* Prefix code: The first byte indicates the number of bytes in the sequence. Reading from a stream can instantaneously decode each individual fully received sequence, without first having to wait for either the first byte of a next sequence or an end-of-stream indication. The length of multi-byte sequences is easily determined by humans as it is simply the number of high-order 1s in the leading byte. An incorrect character will not be decoded if a stream ends mid-sequence.
* Self-synchronization: The leading bytes and the continuation bytes do not share values (continuation bytes start with the bits 10 while single bytes start with 0 and longer lead bytes start with 11). This means a search will not accidentally find the sequence for one character starting in the middle of another character. It also means the start of a character can be found from a random position by backing up at most 3 bytes to find the leading byte. An incorrect character will not be decoded if a stream starts mid-sequence, and a shorter sequence will never appear inside a longer one.
* Sorting order: The chosen values of the leading bytes means that a list of UTF-8 strings can be sorted in code point order by sorting the corresponding byte sequences.
* UTF-8 can encode any Unicode character, avoiding the need to figure out and set a “code page” or otherwise indicate what character set is in use, and allowing output in multiple scripts at the same time. For many scripts there have been more than one single-byte encoding in usage, so even knowing the script was insufficient information to display it correctly.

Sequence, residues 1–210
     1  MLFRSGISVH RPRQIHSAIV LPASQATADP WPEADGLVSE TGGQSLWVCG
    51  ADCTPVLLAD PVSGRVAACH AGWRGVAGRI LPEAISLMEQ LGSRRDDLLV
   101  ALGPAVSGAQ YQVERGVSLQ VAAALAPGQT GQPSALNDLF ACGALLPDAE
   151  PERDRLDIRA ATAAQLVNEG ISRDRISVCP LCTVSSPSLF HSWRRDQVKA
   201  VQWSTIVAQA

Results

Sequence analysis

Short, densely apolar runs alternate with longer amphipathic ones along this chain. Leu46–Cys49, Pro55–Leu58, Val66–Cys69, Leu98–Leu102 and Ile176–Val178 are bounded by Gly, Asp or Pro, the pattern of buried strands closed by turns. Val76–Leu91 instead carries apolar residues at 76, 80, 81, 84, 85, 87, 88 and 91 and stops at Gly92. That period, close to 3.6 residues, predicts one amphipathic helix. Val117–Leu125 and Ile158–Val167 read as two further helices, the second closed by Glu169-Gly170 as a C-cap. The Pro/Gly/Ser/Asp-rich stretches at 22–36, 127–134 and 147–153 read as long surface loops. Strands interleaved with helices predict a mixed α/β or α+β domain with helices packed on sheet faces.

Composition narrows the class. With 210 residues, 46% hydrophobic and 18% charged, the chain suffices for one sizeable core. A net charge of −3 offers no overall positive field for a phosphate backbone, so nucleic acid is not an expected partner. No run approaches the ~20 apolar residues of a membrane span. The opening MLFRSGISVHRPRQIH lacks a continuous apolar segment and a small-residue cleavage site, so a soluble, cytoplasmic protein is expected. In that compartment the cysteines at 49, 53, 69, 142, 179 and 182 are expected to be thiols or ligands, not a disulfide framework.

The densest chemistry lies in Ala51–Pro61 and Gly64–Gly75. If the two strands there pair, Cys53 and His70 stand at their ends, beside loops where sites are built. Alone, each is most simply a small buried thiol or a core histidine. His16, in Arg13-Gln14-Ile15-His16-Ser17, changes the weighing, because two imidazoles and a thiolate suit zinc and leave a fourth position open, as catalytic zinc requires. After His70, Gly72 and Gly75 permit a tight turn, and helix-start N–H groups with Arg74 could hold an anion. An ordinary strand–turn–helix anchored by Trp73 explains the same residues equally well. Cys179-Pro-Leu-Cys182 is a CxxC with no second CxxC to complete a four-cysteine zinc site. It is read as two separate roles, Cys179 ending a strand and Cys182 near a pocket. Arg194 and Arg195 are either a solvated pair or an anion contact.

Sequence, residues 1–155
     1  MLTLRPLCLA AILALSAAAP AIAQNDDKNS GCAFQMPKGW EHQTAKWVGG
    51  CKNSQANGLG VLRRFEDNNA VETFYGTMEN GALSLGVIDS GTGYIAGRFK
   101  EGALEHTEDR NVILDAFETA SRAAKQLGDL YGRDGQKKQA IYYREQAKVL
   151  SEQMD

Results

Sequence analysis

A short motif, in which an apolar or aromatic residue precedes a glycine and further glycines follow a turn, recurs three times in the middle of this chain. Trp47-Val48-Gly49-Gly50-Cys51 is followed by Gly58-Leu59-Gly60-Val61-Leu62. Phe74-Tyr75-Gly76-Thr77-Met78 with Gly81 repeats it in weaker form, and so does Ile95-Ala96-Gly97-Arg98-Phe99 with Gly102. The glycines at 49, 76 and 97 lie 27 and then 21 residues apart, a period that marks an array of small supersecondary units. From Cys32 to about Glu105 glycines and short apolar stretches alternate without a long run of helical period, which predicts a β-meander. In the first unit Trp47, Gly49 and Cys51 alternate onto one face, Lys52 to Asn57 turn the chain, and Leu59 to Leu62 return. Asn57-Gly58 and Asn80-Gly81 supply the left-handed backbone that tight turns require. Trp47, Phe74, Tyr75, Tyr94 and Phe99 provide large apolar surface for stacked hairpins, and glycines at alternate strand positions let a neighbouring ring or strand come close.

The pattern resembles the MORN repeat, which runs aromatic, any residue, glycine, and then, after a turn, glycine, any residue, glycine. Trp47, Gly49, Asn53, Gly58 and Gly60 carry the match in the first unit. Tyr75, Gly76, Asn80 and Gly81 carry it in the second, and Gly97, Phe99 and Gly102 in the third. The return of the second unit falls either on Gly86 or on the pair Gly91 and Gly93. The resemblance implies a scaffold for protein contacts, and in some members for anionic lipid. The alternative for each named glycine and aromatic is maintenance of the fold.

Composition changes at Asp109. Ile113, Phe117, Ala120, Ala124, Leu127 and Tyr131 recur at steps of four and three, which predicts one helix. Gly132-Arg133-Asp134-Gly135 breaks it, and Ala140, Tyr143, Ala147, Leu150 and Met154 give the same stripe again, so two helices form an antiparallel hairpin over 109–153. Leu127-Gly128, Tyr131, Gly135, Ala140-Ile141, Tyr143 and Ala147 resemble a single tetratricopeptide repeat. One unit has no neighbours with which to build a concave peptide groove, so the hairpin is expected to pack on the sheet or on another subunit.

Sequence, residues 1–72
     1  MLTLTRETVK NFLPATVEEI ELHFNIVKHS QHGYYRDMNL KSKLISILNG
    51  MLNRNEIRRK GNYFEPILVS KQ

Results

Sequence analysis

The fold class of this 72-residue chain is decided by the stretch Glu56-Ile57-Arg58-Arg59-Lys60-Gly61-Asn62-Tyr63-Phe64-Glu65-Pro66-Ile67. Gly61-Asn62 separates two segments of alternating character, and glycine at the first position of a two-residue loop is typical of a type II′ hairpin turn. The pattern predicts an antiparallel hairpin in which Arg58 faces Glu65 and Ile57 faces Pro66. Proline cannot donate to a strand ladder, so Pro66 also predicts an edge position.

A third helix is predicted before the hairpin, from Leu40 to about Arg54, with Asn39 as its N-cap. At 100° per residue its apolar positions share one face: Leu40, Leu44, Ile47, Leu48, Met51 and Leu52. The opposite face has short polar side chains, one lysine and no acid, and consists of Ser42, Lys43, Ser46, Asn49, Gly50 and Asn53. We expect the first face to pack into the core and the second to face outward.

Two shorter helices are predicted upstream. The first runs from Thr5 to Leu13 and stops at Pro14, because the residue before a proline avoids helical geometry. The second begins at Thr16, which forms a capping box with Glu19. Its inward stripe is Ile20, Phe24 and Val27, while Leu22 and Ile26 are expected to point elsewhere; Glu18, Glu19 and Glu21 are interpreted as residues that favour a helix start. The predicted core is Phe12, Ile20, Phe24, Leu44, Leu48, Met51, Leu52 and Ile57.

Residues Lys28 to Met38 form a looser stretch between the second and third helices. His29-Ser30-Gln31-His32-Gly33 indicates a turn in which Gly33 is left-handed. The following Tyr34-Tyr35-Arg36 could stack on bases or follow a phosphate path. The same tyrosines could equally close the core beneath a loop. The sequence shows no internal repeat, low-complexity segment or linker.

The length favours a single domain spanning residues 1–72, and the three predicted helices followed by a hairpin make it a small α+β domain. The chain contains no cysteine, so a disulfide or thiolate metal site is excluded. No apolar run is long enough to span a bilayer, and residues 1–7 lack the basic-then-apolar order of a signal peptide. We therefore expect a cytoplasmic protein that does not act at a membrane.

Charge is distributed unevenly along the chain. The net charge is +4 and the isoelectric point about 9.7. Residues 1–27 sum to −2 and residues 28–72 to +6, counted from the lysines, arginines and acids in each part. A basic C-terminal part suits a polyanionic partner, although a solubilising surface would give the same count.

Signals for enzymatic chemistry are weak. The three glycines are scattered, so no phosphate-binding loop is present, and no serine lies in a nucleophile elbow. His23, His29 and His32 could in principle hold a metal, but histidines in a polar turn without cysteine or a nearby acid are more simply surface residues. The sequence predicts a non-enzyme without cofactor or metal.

* The bytes 0xFE and 0xFF do not appear, so a valid UTF-8 stream never matches the UTF-16 byte order mark and thus cannot be confused with it. The absence of 0xFF (0377) also eliminates the need to escape this byte in Telnet (and FTP control connection).
* UTF-8 encoded text is larger than specialized single-byte encodings except for plain ASCII characters. In the case of scripts which used 8-bit character sets with non-Latin characters encoded in the upper half (such as most Cyrillic and Greek alphabet code pages), characters in UTF-8 will be double the size. For some scripts, such as Thai and Devanagari (which is used by various South Asian languages), characters will triple in size. There are even examples where a single byte turns into a composite character in Unicode and is thus six times larger in UTF-8. This has caused objections in India and other countries.